Climate scientist admits deception, engulfed in drama

Peter Gleick, the scientist, the advocate, and the MacArthur Fellow, who helms the influential Pacific Institute, today admitted in his column that he did something he shouldn't have in his on-going struggle with the right-wing climate change skeptics at the Heartland Institute: 

I attempted to confirm the accuracy of the information in this document [that came to him anonymously from Heartland files]. In an effort to do so, and in a serious lapse of my own and professional judgment and ethics, I solicited and received additional materials directly from the Heartland Institute under someone else's name.

Andrew Revkin, the most-storied of all climate reporters, unloads on Gleick as I don't believe I ever have heard him unload before, in all the years I have been reading him in the The New York Times.

Gleick’s use of deception in pursuit of his cause after years of calling out climate deception has destroyed his credibility and harmed others. (Some of the released documents contain information about Heartland employees that has no bearing on the climate fight.) That is his personal tragedy and shame (and I’m sure devastating for his colleagues, friends and family).

The broader tragedy is that his decision to go to such extremes in his fight with Heartland has greatly set back any prospects of the country having the “rational public debate” that he wrote — correctly — is so desperately needed.

Yes. Sad to see the climate science go up in the smoke of this self-destructive drama. Already Gleick is getting damage control advice from a prominent Democratic politico, and lawyering up for the inevitable lawsuits to come. 

The surprise is that Gleick's confession is not mentioned on the front of either the Times nor Drudge, though Drudge does link to Miami's record-breaking heat.


Suspect Gleick will soon become all too famous. This scandal is far more dramatic and eyecatching than the hacked emails of the so-called Climategate affair, and comparable in some respects to the tabloid tricks that have cost Rupert Murdoch and his papers so dearly

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  1. Steve Bloom

    More sad evidence that journos have a completely distorted view of reality.

    As you say, it is a surprise that it didn’t get front-paged at the NYT (A16 actually, a reasonable value of buried) after Revkin’s overwrought attempt to drive the coverage, but perhaps it’s a sign that the NYT editors have learned something since “Climategate.”

    Note that Andy had to partially walk that one back.

    Try this:

    “Scientists are in a knife fight” (Nature editorial from a couple years ago).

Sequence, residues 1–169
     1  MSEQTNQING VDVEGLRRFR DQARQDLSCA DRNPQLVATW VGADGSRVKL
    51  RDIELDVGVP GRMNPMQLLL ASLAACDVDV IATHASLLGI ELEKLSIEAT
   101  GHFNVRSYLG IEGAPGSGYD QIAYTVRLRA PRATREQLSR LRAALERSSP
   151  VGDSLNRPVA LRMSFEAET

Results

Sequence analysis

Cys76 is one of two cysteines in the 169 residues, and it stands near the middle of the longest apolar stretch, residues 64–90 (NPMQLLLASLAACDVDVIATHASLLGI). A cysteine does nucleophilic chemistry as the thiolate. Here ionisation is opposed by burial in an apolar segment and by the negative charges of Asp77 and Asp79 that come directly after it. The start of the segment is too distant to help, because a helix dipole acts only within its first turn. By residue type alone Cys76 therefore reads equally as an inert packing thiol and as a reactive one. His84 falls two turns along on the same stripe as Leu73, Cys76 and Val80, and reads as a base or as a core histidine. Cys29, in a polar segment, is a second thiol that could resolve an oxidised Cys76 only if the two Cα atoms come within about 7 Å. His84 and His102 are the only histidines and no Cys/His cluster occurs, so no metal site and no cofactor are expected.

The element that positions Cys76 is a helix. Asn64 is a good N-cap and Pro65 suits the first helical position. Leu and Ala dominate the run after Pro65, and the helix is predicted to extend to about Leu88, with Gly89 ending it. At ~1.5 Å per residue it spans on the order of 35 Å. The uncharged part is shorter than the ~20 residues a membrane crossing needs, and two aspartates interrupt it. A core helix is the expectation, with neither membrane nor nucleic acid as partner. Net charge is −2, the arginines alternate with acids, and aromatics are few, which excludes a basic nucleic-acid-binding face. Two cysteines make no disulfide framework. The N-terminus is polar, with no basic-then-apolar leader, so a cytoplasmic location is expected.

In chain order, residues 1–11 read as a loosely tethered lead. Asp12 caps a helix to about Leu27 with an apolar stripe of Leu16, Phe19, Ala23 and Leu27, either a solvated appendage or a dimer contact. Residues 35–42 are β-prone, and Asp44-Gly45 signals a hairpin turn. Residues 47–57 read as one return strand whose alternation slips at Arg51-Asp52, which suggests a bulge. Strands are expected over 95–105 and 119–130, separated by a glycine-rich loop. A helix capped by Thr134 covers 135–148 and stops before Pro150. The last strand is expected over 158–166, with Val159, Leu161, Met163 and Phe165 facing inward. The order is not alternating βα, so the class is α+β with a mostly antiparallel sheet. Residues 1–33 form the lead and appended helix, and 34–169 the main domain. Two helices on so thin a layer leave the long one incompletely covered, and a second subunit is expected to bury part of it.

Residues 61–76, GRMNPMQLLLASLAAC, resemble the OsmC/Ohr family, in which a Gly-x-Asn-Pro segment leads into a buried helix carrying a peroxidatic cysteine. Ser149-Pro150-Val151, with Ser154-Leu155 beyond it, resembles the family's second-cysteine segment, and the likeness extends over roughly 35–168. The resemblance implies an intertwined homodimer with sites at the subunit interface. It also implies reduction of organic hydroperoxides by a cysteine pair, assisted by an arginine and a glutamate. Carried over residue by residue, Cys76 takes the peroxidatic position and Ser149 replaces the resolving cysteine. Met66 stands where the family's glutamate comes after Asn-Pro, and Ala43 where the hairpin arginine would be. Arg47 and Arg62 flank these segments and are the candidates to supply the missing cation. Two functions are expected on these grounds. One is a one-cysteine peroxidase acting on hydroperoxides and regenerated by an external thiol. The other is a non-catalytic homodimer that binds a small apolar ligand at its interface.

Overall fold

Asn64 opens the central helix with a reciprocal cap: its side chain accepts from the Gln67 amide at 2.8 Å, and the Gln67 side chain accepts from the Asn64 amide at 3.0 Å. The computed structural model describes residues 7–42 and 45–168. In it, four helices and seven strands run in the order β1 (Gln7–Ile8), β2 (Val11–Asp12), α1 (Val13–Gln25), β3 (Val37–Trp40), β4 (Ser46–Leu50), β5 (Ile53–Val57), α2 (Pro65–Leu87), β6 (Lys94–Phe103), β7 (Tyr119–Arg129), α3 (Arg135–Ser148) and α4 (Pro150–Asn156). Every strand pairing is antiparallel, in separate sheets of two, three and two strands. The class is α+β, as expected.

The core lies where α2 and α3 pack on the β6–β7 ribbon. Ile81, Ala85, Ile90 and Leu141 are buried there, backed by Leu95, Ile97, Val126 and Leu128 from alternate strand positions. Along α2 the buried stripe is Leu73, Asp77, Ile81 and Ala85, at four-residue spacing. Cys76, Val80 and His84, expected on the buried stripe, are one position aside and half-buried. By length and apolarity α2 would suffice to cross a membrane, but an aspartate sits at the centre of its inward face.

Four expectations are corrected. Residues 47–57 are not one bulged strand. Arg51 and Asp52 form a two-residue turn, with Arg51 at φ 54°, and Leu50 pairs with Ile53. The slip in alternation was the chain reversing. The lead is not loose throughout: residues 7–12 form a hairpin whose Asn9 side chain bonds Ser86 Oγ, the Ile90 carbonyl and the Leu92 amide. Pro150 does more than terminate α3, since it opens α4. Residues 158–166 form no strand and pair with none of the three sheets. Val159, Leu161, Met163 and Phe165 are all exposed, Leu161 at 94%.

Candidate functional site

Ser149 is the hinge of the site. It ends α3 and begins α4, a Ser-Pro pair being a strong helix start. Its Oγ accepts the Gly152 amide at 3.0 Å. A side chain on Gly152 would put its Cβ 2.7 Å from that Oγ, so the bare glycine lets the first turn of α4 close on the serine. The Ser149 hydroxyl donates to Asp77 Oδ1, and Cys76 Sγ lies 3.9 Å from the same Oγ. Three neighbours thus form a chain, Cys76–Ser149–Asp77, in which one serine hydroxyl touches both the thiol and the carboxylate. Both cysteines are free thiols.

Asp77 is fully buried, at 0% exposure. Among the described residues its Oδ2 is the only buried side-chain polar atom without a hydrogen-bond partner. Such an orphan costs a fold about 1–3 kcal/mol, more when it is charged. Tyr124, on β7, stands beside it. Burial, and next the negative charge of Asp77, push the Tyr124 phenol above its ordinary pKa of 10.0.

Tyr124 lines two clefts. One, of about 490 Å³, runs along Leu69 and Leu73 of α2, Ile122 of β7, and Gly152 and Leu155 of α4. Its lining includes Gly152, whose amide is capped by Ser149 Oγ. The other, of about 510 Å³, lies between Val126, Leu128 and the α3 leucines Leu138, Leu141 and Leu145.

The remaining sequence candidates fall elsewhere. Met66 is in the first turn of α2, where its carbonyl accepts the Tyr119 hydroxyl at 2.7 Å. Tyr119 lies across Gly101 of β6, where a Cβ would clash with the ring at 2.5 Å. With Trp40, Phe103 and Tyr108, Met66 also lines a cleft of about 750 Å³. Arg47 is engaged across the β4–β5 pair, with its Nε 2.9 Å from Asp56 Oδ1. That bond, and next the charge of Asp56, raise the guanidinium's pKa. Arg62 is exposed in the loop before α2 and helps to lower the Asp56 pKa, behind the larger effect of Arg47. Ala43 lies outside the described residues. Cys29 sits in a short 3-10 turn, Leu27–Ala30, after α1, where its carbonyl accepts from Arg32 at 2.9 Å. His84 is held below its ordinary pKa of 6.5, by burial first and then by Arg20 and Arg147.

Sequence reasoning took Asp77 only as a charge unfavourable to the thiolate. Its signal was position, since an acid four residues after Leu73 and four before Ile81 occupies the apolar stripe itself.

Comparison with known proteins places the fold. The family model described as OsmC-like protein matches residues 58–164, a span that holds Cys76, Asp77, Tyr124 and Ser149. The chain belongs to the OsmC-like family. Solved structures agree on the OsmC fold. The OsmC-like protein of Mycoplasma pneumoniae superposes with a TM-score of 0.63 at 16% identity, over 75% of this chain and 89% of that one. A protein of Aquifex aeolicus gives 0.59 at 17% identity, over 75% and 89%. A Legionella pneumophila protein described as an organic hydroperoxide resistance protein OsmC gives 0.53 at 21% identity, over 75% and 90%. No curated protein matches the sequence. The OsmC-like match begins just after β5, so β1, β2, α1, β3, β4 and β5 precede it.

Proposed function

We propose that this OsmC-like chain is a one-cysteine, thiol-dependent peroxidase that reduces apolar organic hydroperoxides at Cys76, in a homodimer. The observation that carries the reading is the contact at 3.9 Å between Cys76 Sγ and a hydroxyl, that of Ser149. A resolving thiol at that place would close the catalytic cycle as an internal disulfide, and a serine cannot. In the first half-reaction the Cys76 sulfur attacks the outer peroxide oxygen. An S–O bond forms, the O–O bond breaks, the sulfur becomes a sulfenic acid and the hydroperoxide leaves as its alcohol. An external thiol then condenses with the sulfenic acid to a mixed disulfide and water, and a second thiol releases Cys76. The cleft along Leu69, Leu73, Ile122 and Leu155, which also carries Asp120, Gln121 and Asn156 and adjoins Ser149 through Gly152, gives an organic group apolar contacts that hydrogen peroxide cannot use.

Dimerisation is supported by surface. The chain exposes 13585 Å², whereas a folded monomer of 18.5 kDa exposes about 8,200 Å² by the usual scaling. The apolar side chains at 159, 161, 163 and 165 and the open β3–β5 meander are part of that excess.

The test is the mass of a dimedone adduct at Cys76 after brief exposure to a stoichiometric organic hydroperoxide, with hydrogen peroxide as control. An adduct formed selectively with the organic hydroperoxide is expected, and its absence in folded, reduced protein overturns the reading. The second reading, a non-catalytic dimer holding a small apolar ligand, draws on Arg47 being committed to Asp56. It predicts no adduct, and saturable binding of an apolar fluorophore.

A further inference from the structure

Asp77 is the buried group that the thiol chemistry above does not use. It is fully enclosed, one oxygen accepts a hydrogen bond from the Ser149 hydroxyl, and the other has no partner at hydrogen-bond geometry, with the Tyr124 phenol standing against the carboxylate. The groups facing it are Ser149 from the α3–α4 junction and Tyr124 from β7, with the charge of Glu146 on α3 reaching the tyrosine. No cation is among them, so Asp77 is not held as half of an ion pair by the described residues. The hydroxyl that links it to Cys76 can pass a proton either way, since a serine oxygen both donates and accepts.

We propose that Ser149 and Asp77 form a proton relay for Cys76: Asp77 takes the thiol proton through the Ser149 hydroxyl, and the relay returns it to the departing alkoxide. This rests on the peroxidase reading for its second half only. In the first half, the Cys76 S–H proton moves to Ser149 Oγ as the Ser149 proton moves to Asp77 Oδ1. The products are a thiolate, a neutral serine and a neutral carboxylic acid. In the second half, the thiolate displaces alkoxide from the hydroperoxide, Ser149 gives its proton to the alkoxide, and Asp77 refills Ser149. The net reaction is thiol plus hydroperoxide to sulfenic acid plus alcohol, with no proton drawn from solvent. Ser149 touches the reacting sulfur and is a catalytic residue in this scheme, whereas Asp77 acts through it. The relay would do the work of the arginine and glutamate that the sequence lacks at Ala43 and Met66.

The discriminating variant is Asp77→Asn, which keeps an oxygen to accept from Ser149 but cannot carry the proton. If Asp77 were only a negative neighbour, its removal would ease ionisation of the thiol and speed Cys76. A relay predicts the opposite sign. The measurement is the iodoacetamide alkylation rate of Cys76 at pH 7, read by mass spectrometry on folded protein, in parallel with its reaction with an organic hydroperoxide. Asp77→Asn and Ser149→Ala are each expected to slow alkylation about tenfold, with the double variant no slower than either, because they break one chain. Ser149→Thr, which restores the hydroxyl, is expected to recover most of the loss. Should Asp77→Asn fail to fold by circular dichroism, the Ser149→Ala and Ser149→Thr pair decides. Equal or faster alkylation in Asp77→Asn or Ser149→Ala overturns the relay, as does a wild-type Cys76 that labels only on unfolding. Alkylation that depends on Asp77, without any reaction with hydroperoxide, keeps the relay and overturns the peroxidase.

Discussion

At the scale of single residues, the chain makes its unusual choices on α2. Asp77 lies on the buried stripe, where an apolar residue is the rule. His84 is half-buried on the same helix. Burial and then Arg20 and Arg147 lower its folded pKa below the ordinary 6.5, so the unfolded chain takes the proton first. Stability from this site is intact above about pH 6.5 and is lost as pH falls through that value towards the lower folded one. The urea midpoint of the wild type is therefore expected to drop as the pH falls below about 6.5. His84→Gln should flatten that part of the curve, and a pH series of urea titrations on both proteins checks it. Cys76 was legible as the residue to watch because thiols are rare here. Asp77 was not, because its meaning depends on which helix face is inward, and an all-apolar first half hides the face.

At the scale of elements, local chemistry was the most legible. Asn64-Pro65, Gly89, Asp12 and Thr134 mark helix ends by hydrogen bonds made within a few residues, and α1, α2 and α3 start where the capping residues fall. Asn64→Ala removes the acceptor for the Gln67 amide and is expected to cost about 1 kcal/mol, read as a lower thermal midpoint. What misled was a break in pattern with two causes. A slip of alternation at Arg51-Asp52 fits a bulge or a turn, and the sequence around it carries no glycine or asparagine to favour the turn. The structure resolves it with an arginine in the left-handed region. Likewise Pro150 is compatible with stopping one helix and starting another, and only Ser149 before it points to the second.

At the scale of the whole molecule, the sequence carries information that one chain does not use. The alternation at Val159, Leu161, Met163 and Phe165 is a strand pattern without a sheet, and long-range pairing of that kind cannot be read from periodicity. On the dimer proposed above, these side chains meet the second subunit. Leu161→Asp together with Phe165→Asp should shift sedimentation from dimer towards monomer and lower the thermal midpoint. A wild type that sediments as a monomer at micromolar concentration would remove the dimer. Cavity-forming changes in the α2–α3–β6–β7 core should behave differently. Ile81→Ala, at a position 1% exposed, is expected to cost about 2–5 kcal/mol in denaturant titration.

“Our personalities are poorly suited to knife fighting” (scientists, collectively).

    “Condemn any scientist who acts as if they’re in an icky knife fight, plus, um, the fact that we do not cover the knife fight isn’t any sort of problem for journalism; blame society instead” (journos, collectively).

    This is working out so well, don’t you think?

    Less sarcastically, here’s the problem, Kit:

    To deal with climate change, we will need the participation and cooperation of not just scientists and activists, but bureaucrats, politicians and the media. The latter three are utterly failing. Since for public policy purposes the scientific case in entirely closed, more scientists need to start behaving like activists, but their personalities and training make them reticent to do so.

    Journos, OTOH, seem to have basically conceded defeat in the culture wars (the recent kerfuffle over “truth vigilante”-gate is illustrative). This makes them extremely prone to rushing to moral judgement about things (less so when the fault lies with the press itself, as when Judy Miller, Punch Sulzberger’s then-favorite dinner party hostess, was allowed to run amok on the front page of the NYT), as a means of avoiding covering the thing itself (tone rather than substance, i.e.).

    All of this does not leave us in a good place, does it?

    February 23, 2012
  2. Kit Stolz

    When it comes to climate policy, there’s no question we’re sliding backwards into a snake pit of blame and misinformation. Rationality is of little use there. Not sure even knives would help. It’s both troubling and sad, especially when a recent conference at Harvard showed, based on ample evidence, that cap-and-trade, which (as you no doubt know) is a market-based approach to sulphuric/acid rain emissions pioneered by the first Bush administration, precisely to deal with right-wing criticism of command-and-control bureaucracies, worked better and less expensively than even its advocates expected. It’s a policy that could actually make a difference in CO2 emissions, or so the experts say.

    I wish I could see a silver lining in the Gleick drama for climate science, but I can’t.

    February 24, 2012